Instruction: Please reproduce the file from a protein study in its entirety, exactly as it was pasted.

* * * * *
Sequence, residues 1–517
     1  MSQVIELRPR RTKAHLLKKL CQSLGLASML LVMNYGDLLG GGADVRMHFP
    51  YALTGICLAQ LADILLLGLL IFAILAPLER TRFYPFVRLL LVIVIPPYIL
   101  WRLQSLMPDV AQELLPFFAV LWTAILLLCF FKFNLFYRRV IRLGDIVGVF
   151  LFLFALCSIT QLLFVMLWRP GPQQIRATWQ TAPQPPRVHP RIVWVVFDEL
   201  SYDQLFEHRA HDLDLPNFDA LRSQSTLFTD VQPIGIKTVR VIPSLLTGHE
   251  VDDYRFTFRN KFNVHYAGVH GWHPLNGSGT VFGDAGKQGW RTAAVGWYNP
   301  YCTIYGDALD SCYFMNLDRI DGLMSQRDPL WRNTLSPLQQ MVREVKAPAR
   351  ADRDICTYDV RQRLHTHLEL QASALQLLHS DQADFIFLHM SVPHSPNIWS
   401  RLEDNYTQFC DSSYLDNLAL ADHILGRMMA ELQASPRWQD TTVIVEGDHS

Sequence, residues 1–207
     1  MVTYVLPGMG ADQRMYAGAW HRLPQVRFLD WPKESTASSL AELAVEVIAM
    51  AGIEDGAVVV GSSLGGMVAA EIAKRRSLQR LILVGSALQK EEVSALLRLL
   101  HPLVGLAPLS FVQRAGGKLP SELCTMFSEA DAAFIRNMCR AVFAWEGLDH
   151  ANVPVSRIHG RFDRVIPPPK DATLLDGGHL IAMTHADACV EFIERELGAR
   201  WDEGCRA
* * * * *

Sequence, residues 1–517
     1  MSQVIELRPR RTKAHLLKKL CQSLGLASML LVMNYGDLLG GGADVRMHFP
    51  YALTGICLAQ LADILLLGLL IFAILAPLER TRFYPFVRLL LVIVIPPYIL
   101  WRLQSLMPDV AQELLPFFAV LWTAILLLCF FKFNLFYRRV IRLGDIVGVF
   151  LFLFALCSIT QLLFVMLWRP GPQQIRATWQ TAPQPPRVHP RIVWVVFDEL
   201  SYDQLFEHRA HDLDLPNFDA LRSQSTLFTD VQPIGIKTVR VIPSLLTGHE
   251  VDDYRFTFRN KFNVHYAGVH GWHPLNGSGT VFGDAGKQGW RTAAVGWYNP
   301  YCTIYGDALD SCYFMNLDRI DGLMSQRDPL WRNTLSPLQQ MVREVKAPAR
   351  ADRDICTYDV RQRLHTHLEL QASALQLLHS DQADFIFLHM SVPHSPNIWS
   401  RLEDNYTQFC DSSYLDNLAL ADHILGRMMA ELQASPRWQD TTVIVEGDHS

Sequence, residues 1–207
     1  MVTYVLPGMG ADQRMYAGAW HRLPQVRFLD WPKESTASSL AELAVEVIAM
    51  AGIEDGAVVV GSSLGGMVAA EIAKRRSLQR LILVGSALQK EEVSALLRLL
   101  HPLVGLAPLS FVQRAGGKLP SELCTMFSEA DAAFIRNMCR AVFAWEGLDH
   151  ANVPVSRIHG RFDRVIPPPK DATLLDGGHL IAMTHADACV EFIERELGAR
   201  WDEGCRA